All four Democratic gubernatorial candidates call for Stephen Bittel’s resignation as Dem’s chair


In the wake of reports that Florida Democratic Party Chairman Stephen Bittel created a hostile work environment for woman, all four leading Democratic candidates for governor — Tallahassee Mayor Andrew Gillum, former U.S. Rep. Gwen Graham, former Miami Beach Mayor Philip Levine, and Winter Park businessman Chris King — swiftly called for his resignation Friday.

Gillum was the first major Democrat — not to mention the first gubernatorial candidate — to do so publicly. Graham weighed in moments later, followed by Levine and King.

“Stephen Bittel must step down as FDP Chair,” Gillum declared in a statement issued Friday morning and posted on social media. “These courageous women came forward with disturbing stories of harassment, and it’s our duty to stand in the gap for them and others in these situations. Although these allegations are not criminal, they clearly paint a picture of a hostile working environment for women. We must actively work to shift the power dynamics in which men have deluded themselves into thinking they have control of women. We must work to create an environment where women know they are not alone and feel comfortable to come forward.”

Graham sent a message and posted a statement declaring, “I called Chairman Stephen Bittel this morning and told him that he should step down. No one should have to work in an uncomfortable environment. Bittel’s behavior and the atmosphere he has created is unacceptable. He must resign.”

And minutes after that Levine weighed in, with, “”I have zero tolerance for harassment in politics or the workplace. It’s time to change the culture and it must start at the top. I hope Chairman Bittel does the right thing and steps down as Chairman. No individual should feel less than safe and comfortable in their workplace.”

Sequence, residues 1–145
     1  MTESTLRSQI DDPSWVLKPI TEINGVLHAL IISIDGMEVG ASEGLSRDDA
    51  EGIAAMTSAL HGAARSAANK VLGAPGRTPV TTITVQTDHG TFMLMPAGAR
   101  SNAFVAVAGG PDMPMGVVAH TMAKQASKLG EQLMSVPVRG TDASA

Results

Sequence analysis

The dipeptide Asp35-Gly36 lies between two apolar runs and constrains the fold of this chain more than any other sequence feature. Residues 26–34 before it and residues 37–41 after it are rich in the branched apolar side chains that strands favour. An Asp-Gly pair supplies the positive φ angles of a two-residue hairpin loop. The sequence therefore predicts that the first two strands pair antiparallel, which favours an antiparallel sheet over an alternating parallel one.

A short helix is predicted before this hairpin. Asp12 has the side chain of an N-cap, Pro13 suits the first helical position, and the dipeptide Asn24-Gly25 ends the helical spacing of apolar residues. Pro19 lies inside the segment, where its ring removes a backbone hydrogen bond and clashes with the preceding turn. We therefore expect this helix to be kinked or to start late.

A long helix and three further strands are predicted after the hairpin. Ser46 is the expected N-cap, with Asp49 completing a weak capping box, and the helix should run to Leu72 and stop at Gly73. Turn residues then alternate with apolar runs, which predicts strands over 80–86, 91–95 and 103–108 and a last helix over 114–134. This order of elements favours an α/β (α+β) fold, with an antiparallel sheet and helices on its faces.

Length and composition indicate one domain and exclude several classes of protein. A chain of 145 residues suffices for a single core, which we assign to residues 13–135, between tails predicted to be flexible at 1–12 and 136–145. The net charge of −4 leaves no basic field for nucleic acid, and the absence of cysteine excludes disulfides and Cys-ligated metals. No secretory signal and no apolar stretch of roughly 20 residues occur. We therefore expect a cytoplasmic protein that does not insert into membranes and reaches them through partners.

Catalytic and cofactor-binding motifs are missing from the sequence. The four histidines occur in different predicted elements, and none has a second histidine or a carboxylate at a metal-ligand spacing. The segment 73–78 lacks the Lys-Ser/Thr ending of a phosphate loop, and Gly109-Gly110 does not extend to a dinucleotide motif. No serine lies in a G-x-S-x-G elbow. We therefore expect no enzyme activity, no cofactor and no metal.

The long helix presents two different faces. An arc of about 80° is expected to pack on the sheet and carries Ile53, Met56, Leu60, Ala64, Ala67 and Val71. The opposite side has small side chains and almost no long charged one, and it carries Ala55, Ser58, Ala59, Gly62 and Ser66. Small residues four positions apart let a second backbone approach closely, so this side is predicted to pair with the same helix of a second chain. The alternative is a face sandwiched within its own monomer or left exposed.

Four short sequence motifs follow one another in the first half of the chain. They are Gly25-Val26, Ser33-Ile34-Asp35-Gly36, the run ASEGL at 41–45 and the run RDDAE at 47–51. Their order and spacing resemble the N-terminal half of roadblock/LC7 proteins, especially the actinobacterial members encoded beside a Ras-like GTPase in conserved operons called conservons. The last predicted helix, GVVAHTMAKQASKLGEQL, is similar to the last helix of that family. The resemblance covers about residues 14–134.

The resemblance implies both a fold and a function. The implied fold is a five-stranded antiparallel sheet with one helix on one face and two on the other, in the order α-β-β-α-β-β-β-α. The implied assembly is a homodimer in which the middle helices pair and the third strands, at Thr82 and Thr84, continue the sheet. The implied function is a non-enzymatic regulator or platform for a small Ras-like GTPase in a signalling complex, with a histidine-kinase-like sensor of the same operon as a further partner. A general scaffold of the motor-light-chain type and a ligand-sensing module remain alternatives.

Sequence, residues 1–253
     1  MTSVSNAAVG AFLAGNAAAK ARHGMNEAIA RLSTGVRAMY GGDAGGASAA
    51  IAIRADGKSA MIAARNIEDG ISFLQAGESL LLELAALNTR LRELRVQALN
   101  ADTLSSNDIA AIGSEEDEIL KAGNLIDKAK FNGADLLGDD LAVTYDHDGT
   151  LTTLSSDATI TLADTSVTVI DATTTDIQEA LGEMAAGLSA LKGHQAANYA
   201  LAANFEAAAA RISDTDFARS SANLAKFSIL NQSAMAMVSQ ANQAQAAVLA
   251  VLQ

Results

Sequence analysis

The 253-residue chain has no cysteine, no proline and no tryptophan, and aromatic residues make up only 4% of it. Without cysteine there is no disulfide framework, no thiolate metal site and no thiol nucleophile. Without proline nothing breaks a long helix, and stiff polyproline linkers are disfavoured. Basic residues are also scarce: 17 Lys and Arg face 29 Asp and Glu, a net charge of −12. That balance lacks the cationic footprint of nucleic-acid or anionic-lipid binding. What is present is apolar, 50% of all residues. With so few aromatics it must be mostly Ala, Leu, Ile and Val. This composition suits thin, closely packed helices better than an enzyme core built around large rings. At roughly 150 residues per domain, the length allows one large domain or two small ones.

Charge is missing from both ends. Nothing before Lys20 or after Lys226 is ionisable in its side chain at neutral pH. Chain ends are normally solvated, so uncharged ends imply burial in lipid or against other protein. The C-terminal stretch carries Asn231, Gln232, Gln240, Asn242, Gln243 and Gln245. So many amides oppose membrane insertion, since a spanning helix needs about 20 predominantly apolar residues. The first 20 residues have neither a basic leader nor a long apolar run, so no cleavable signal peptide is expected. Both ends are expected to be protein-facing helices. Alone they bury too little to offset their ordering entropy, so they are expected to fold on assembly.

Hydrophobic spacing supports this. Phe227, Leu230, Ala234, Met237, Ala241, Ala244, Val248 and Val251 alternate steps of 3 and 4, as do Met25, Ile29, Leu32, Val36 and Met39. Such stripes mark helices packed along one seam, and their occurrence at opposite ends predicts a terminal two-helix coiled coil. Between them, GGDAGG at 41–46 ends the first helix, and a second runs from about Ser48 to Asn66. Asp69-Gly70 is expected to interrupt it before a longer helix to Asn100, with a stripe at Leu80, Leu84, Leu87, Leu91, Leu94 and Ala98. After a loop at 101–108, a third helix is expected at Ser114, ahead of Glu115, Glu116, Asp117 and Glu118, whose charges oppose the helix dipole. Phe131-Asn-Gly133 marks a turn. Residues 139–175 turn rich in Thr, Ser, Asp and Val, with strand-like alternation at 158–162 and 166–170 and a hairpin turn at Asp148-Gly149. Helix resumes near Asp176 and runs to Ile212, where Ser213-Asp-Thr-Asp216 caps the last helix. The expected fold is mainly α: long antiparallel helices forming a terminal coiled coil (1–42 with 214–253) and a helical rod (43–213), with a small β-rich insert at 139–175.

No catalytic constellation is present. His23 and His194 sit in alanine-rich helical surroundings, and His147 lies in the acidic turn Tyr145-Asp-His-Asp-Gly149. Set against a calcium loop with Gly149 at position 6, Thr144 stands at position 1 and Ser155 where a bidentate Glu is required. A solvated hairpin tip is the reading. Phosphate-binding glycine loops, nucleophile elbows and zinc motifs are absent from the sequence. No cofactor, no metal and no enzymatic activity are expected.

King applauded the courage of the women speaking out.

“Over the last few months, we have all become keenly aware of the reality that women have lived with for their entire lives. I am in awe of the courage of the women who came forward. I feel for the families being put through this very public ordeal. And I am appalled by the behavior of the people we have put in positions of trust who used their positions to wield their power in this abusive, and potentially illegal, way,” King stated. “It’s not right that it’s taken so long, but unveiling a culture of harassment is a vital step to building the just and fair society we hope to be. It’s on all of us now to hold perpetrators accountable.

“The breadth and depth of these allegations speak to a larger problem with the environment in Tallahassee and more generally in our politics. The culture is not endemic to either party, and has gone unaddressed for too long. It’s time to match the courage of the women who spoke out and look at ourselves and the culture we’ve created and change it. The people of Florida need and deserve a fresh approach to our politics and leadership,” he added. “I must now call for the resignation of Stephen Bittel.”

They are responding to reports from POLITICO Florida that the chairman, who took office in January, “created an unprofessional workplace environment for women that includes persistent inappropriate comments, leering at young women and even inviting them on his private jet.”

Bittel, a millionaire South Florida developer, has apologized for his behavior and did not deny the accounts of the women who talked to POLITICO Florida.

No word yet from the leading Republican candidate, Florida Agriculture Commissioner Adam Putnam. The other Republican candidate, who was once thought to be a leading candidate, state Sen. Jack Latvala of Clearwater, faces his own sexual misconduct scandal, including a Florida Senate investigation.

UPDATE: On Friday morning, Bittel announced he is resigning following reports that he created a hostile work environment for women by “belittling” them in front of male staffers and making suggestive remarks.

Scott Powers

Scott Powers is an Orlando-based political journalist with 30+ years’ experience, mostly at newspapers such as the Orlando Sentinel and the Columbus Dispatch. He covers local, state and federal politics and space news across much of Central Florida. His career earned numerous journalism awards for stories ranging from the Space Shuttle Columbia disaster to presidential elections to misplaced nuclear waste. He and his wife Connie have three grown children. Besides them, he’s into mystery and suspense books and movies, rock, blues, basketball, baseball, writing unpublished novels, and being amused. Email him at [email protected].


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